Growing up, I had always secretly wanted to audition for the school play. But that, I was told was a wasted pursuit. Theater was a dream, not a practicality; better to study something useful.
Years later, I'm still not sure what to make of that.
I always had a passion for performing -- I would jump at the chance to address large crowds and could even be found break dancing in battles at the Deerfield Commons -- but I was going to make money in business, through balance sheets and accounting.
Through college at Notre Dame -- where I majored in Business and Finance -- the desire to perform remained strong. Friends would write me into their student films to play a guy named “Anthony,”
By the time I had graduated, most of my electives had somehow ended up in the theater department. Still, performing arts was not a sound career choice for a Domer with student loans and a proud family awaiting my ascension into the business Hall of Fame. Or so I thought.
“Maybe you should go out to Hollywood for a couple years and give the acting thing a try,” said my father, a golf professional in Highland Park, Illinois.
I decided to go for it. I quit my job selling mutual funds/group insurance, took an 80 percent pay cut to become the barista at the Artist's Cafe in the Fine Arts Building, signed up for an acting class at Act One Studios, and jumped in to acting, directing and producing.
That was 15 years ago, and what I've learned since then as the Artistic and Executive Director of Collaboraction, is how practical a degree in business would be in the arts.
After heading to Hollywood on my father's recommendation, I completed a 10-month intensive studio program with acting guru Steven Ivcich, and then got cast in Collaboraction's third show.
Since that day, I've produced 11 SKETCHBOOK festivals, and more than 100 events, directed and performed at the Goodman Theatre, guest starred on Prison Break and The Beast, and have had the great honor of working with hundreds of passionate artists and patrons of the arts.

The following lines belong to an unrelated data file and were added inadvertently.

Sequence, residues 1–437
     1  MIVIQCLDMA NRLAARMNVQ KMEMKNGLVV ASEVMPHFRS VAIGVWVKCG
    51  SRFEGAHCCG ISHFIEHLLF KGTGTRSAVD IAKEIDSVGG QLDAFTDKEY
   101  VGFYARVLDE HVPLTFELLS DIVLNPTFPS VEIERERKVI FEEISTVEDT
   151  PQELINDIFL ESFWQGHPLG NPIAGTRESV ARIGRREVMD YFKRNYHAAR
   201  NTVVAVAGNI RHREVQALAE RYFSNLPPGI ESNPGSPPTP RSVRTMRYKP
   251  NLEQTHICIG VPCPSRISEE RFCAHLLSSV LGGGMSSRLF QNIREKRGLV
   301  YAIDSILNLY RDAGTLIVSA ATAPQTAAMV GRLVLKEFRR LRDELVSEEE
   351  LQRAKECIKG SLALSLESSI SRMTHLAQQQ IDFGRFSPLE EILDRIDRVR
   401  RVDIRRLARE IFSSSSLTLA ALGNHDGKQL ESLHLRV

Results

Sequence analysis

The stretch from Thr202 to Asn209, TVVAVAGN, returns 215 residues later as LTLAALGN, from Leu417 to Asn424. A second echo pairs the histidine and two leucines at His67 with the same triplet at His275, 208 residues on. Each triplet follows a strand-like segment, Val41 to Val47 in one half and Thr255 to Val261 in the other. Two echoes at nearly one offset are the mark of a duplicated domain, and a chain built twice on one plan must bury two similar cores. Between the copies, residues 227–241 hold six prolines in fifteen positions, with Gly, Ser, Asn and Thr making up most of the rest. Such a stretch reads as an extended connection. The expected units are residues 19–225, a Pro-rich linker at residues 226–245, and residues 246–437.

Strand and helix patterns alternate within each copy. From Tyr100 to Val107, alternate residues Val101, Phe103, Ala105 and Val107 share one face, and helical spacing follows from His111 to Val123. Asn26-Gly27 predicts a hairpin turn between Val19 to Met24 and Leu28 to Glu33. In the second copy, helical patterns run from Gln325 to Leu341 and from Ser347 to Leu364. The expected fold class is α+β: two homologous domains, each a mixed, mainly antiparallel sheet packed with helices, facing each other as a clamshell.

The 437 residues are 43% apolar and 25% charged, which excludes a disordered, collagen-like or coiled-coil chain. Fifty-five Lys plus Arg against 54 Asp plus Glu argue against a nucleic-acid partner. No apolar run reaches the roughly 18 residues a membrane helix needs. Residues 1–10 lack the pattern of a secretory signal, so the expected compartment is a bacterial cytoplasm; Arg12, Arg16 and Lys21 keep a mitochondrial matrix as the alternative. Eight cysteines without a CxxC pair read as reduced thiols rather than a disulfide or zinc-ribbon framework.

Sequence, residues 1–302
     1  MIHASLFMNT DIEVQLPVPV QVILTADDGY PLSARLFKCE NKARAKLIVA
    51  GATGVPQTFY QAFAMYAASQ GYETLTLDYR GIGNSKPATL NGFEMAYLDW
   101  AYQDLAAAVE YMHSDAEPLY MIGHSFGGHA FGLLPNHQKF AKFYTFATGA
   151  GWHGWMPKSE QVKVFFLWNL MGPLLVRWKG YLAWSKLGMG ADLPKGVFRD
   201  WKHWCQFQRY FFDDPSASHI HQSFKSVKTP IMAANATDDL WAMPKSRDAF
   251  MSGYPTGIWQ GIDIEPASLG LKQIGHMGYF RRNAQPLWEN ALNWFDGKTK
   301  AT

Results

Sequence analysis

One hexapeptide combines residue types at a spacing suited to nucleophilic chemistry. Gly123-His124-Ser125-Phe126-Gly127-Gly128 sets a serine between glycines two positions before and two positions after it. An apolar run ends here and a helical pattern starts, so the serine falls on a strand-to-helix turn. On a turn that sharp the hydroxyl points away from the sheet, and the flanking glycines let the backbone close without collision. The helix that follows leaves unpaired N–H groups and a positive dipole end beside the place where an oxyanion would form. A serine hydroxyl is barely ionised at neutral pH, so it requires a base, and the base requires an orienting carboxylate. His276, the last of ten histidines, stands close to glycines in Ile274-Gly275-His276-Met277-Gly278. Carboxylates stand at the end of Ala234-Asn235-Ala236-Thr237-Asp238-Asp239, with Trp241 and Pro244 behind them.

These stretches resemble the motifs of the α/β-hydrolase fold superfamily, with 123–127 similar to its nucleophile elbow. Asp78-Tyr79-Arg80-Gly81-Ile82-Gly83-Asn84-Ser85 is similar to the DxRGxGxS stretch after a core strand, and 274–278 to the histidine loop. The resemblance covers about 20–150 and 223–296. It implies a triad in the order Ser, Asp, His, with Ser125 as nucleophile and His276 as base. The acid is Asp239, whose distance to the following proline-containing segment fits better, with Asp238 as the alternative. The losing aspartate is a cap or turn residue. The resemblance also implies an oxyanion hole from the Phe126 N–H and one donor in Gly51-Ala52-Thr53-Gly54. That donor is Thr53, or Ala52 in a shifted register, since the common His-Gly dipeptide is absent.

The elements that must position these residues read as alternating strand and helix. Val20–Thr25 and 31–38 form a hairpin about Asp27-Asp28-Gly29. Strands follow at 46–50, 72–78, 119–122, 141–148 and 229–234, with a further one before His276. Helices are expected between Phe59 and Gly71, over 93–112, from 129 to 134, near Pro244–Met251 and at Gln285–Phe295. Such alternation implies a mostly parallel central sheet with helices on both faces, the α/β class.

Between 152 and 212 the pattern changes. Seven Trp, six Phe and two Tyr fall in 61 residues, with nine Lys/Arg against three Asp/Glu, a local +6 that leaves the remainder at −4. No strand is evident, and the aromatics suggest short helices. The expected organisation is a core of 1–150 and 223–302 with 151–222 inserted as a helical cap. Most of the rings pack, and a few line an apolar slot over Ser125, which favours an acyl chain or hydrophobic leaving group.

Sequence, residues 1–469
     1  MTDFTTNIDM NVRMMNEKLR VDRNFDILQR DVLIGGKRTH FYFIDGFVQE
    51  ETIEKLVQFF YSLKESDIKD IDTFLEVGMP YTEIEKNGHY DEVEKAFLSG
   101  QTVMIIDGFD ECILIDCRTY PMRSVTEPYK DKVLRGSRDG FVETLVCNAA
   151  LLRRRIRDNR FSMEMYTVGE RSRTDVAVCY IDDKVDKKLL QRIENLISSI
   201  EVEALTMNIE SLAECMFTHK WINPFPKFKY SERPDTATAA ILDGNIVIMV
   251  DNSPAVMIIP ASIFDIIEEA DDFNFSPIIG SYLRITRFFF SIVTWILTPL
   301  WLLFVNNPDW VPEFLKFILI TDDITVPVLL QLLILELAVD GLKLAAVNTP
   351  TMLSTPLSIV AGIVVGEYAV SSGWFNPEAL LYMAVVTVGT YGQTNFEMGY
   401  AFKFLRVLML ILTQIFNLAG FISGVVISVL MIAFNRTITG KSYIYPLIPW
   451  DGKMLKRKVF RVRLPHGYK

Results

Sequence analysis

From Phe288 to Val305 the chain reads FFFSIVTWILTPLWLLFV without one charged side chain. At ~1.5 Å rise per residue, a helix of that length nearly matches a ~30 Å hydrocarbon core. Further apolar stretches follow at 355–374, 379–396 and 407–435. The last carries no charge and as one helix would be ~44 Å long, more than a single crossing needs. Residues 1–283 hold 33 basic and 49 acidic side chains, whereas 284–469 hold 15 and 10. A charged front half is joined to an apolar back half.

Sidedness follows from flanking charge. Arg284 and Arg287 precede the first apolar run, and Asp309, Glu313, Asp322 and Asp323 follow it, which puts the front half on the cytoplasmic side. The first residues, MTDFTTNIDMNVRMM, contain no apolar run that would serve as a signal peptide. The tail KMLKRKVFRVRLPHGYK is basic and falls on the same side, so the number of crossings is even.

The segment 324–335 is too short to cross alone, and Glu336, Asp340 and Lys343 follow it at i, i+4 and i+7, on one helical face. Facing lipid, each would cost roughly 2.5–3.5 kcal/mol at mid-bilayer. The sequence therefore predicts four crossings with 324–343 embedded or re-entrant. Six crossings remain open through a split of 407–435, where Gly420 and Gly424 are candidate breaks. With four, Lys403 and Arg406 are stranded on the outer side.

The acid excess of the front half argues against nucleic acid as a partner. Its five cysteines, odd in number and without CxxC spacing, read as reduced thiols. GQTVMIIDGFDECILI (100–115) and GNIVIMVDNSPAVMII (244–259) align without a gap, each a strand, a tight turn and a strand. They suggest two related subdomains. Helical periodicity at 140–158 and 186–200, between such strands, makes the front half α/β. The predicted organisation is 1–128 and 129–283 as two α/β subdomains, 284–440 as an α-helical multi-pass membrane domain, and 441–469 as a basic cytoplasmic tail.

Here are a few things I have learned along the way:
1. A business degree and basic understanding of accounting, budgets, marketing, and management is a great thing to have as an artist. The same applies for arts training for business people.
2. Each of us has one thing we can do better than anyone else in the world. Follow your passion, find your one thing, do it, and the world will take notice.
3. If you can think it, it can be.
4. Be open and pay attention. It is all right in front of you.
5. There is no such thing as an artist who is not good at business or vice versa; that's an excuse made by people who do not want to go out of their comfort zone.
6. If you love what you do, you'll never work another day in your life.
7. Don't try to stop the natural order of the universe. You will fail. Birds fly, dancers dance, and funny people make people laugh.
8. Through collaboration, anything is possible.
9. Any piece of art is only as effective as the artist's willingness and ability to truthfully reveal themselves.
10. No regrets. You only get one life.
This is my first blog on Inc. Well and I am delighted to be able to share some things I have learned as a businessman and artist with you. Stay tuned for blogs about collaboration, creativity, leveraging your assets in unexpected ways, the spirituality of break dancing, and passion, that internal compass inside each of us that will always guide us down the right path.
Anthony Moseley serves as the Executive and Artistic Director of COLLABORACTION, where he has been lauded for innovation and collaboration while overseeing 48 productions and over 250 events since 1999. Mr. Moseley co-founded the annual SKETCHBOOK Festival of theatre, music and visual art (now in it’s 11th year) and he created Collaboraction’s Experience Design Department, a for-hire division of the company which offers event creative services to corporate, private and civic groups. He is also an actor and has been seen in Prison Break and numerous television and film appearances. He holds a BA in Finance from the University of Notre Dame.